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Biological warfare may be more advanced and deadly today, but it’s also something that humans have been waging quite effectively against each other for a very long time. Most people think of the beginning of biological warfare as the days when people would catapult dead bodies over the walls of their enemy’s fortress or toss dead bodies in the water supply to cause infection.

However, humanity’s use of biological weaponry to destroy their foes goes back even further. In the 14th century BC, the Hittites attacked an enemy city by deliberately driving disease-infected animals out of their land and straight toward their foe. Also, while it’s hard to say how much in the Iliad or Odyssey is based on real events, they depict the Greeks using poison-tipped arrows against the Trojans.

1 The Flail Probably Never Existed At All

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The flail was allegedly a weapon that consisted of a handle with a chain on it and a mace head at the end. The user swings the chain and tries to hit their opponent with the spiky ball. This weapon would be absurdly impractical and dangerous to use, and many historians are convinced it never existed at all. While there are some copies on display in museums, historians aren’t convinced that they’re looking at real weapons.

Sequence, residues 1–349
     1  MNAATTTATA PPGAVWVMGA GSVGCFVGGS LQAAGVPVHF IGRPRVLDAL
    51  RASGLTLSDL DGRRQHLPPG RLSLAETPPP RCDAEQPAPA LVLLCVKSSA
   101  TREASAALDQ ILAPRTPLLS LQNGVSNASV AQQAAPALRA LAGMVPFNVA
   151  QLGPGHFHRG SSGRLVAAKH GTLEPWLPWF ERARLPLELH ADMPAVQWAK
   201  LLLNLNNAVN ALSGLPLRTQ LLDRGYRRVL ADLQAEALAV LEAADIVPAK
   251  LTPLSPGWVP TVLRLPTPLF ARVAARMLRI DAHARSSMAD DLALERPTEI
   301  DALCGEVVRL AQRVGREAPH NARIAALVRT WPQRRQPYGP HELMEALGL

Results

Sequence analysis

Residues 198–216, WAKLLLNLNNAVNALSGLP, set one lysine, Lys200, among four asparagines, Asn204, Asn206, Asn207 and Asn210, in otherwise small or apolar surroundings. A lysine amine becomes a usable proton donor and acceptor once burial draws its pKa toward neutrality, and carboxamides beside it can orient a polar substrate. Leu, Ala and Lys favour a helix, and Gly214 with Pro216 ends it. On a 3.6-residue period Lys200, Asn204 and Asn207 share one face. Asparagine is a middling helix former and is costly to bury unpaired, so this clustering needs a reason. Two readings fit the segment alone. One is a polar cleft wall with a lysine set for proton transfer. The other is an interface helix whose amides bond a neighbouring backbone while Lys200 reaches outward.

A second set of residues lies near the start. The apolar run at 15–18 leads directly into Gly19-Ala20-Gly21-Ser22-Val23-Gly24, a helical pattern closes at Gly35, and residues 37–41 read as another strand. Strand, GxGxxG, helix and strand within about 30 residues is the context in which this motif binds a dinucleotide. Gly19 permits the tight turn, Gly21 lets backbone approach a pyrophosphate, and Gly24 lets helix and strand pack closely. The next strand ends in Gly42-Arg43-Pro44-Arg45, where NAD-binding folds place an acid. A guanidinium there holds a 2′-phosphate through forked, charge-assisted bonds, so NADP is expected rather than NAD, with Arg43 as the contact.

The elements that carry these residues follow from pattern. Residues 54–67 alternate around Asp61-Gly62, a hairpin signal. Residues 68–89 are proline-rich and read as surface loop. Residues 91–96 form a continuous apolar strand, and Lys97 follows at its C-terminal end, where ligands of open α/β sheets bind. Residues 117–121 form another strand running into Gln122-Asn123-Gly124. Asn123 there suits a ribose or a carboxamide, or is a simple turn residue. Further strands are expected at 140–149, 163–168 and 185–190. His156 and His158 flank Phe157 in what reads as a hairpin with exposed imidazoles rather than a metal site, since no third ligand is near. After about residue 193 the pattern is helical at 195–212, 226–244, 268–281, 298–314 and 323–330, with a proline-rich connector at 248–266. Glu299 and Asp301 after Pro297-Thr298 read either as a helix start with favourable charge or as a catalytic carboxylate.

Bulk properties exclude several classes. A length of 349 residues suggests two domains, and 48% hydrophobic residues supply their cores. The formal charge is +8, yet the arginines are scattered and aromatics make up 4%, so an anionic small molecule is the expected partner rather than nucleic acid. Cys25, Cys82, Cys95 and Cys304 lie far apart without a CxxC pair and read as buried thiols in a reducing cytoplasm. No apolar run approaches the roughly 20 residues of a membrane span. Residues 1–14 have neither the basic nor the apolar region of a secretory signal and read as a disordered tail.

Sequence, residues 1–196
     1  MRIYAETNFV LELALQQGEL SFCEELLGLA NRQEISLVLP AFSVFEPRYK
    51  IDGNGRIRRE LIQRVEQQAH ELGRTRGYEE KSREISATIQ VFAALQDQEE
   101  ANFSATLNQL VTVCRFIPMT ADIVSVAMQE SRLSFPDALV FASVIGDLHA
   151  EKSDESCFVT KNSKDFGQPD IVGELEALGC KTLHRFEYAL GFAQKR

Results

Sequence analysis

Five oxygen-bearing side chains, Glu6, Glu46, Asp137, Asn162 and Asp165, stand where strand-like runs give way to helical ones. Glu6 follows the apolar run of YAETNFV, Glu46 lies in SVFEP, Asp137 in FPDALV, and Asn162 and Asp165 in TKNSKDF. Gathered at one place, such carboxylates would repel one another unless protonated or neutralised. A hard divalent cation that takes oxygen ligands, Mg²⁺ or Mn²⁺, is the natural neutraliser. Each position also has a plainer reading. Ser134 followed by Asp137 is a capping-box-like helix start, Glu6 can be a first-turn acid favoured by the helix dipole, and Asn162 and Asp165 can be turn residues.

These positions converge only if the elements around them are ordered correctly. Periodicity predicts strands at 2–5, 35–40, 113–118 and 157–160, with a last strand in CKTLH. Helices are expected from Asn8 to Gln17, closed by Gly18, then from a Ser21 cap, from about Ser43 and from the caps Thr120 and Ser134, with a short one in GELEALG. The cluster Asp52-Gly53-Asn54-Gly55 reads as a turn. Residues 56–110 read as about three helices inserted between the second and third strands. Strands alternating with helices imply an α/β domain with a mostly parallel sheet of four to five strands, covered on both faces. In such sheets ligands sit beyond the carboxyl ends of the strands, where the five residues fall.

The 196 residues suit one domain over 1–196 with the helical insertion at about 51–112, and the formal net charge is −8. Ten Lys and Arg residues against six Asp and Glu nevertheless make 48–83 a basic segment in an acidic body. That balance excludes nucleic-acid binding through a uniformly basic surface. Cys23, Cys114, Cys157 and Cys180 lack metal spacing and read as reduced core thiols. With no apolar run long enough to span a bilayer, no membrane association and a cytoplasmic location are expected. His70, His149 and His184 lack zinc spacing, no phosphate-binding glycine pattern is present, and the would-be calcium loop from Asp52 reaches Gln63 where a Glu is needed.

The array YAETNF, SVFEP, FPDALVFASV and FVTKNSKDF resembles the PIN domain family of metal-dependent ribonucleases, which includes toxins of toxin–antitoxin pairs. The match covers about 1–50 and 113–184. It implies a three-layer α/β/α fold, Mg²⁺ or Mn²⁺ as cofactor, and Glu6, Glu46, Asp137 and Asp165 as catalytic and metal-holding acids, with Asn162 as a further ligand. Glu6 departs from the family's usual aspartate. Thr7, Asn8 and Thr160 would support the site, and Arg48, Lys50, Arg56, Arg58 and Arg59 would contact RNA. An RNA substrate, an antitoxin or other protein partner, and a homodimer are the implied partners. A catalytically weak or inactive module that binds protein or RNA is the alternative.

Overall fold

Artwork depicting flails is also suspect, as they’re only shown in works that are filled with obvious fantasies, which makes it unlikely that any real battle is being depicted. Those who dispute the existence of the flail as a weapon in combat suggest we’re either looking at a joke weapon of some kind or a concept that never got off the ground apart from a few test copies because it was too impractical.